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How our teams are tackling the challenge of record rainfall and high groundwater levels this winter

Months of extreme rainfall has left the region waterlogged. We're working hard to tackle our challenges.

Communities across the Southern Water region got a soaking this autumn – and we are still feeling the effects.  

This October alone registered almost double the average rainfall for the month typically, while November 2023 saw more than one and half times more rainfall than experienced during the same period a year earlier.  

That has left the ground in many parts of Hampshire, the Isle of Wight, Sussex and Kent absolutely waterlogged – with groundwater levels at extremely high levels.  

So when fresh rain falls, it often cannot seep into the ground and instead simply runs off and ends up everywhere.  

It pools on the surface, covering roads, fields and parks, causes streams and rivers to burst their banks, and races through highways drains and gulleys.  

And it also forces its way into Southern Water’s sewers through any available crack in our 49,000km of pipework, or even through manhole covers or privately owned customer pipes.  

Unfortunately, this has led to challenging flooding incidents in some locations in recent weeks, including in Barnham in West Sussex and along the River Test, which led to a temporary shutdown of our Testwood Water Supply Works in late October.  

Alex Saunders, Head of Wastewater Networks, said:   

“Coping with this inundation is a major challenge for our teams, who work hard to prevent the inundated pipes from allowing any wastewater back into properties or into the environment.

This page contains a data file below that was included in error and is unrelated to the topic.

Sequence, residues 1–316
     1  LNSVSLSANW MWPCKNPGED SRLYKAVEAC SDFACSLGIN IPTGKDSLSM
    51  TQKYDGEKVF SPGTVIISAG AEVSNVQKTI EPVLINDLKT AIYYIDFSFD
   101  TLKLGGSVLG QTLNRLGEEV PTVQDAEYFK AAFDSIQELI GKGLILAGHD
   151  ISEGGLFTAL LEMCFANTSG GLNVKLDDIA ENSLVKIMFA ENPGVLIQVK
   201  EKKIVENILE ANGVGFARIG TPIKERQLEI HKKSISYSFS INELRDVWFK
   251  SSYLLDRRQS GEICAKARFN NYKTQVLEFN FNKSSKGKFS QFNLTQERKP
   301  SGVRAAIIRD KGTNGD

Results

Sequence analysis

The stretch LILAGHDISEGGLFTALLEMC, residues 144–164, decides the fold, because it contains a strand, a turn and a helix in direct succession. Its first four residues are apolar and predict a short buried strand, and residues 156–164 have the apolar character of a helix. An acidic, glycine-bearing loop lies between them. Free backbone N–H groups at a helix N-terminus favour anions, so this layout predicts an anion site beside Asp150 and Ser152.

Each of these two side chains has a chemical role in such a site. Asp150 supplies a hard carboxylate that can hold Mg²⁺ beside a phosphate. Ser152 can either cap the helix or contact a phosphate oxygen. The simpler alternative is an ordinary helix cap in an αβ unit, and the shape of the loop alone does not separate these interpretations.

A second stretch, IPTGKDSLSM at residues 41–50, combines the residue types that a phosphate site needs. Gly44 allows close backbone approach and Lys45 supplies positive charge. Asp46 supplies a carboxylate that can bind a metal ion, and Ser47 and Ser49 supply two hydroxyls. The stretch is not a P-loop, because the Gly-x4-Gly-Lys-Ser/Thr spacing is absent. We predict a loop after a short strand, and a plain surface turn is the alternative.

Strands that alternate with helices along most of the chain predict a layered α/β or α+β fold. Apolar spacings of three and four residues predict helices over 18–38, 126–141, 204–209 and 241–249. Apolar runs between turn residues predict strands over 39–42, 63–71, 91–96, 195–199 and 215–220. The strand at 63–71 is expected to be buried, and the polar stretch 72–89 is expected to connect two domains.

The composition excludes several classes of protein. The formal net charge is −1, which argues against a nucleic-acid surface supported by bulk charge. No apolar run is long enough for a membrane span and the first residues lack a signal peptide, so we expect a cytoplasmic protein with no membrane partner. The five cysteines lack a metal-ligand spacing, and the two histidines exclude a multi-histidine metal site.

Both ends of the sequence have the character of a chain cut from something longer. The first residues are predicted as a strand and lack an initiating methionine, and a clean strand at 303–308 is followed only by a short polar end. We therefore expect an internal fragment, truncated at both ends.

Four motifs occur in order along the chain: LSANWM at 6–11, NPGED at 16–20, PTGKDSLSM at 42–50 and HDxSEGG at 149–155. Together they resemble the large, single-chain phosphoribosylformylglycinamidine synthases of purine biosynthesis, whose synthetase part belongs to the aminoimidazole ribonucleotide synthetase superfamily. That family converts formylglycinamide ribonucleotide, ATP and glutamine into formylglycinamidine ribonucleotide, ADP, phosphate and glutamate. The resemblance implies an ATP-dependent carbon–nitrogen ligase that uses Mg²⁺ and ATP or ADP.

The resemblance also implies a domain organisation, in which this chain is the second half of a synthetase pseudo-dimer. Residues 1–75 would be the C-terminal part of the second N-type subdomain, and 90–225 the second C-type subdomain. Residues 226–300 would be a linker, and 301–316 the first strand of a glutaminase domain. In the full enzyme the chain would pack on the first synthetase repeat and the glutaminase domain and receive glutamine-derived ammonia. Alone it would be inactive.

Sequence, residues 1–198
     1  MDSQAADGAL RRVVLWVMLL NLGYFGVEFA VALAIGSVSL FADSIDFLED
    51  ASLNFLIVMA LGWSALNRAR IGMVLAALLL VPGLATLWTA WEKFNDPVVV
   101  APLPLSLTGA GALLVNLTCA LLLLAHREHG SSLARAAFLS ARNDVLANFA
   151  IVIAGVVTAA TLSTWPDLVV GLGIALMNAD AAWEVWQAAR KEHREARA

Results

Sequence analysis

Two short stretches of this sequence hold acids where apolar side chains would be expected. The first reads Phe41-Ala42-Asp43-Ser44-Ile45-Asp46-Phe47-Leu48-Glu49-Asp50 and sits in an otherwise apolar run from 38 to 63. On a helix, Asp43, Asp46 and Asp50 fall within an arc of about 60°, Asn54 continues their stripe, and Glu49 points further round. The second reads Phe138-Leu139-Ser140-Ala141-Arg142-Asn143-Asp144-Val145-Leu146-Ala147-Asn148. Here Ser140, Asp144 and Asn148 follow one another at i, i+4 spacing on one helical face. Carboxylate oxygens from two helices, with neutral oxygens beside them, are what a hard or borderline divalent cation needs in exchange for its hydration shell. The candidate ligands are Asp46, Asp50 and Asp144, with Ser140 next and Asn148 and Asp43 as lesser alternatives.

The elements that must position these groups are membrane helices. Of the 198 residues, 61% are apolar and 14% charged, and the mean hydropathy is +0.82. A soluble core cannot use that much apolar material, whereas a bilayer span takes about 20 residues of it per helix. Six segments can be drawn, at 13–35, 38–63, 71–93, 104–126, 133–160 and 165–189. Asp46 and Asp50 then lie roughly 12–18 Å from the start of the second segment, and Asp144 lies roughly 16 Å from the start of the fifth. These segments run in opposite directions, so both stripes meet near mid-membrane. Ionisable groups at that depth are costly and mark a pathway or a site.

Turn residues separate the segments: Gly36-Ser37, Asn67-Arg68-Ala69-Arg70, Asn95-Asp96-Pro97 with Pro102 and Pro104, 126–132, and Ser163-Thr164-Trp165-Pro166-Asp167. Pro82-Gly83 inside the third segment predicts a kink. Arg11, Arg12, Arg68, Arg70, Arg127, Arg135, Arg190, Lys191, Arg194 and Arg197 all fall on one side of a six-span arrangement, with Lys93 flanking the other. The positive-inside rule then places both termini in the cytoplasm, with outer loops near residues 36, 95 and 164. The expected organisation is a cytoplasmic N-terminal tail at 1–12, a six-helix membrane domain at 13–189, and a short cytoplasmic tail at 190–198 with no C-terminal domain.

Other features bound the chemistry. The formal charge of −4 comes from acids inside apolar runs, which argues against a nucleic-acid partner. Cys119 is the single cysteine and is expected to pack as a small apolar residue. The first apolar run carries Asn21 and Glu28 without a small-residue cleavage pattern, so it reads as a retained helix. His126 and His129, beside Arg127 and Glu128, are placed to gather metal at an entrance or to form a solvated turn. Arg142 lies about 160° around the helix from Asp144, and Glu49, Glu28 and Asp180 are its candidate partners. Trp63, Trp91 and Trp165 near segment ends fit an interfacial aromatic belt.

“That’s a key reason why we have wastewater tankers on standby – to help suck the flows out of the pipes and carry it straight to treatment works. This challenge is also driving our ongoing programme of relining thousands of kilometres of pipes to keep sewage in and water out.  

“We do understand that tankers and relining works can be disruptive to communities, but all action we take to counteract the challenges of such prolonged wet weather and the geography of our region is crucial to improve our service to customers. We appreciate the public’s support while we carry out this important work.”  

A re-lining project near Andover, where the area is prone to flooding, has seen the number of tankers needs slashed from 38 each winter in 2021 to just five this year.   

Instead of replacing a pipe at a cost of £250,000 per 100 metres, causing significant inconvenience due to digging and traffic management, relining a pipe requires a minimal excavation and costs £10,000 per 100 metres, reducing the impact on customers’ day-to-day lives and bills.  

Meanwhile, we published our £1.5bn Clean Rivers and Seas Plan this autumn which includes efforts being made by our dedicated Task Force to reduce the impact of groundwater on storm overflows.  

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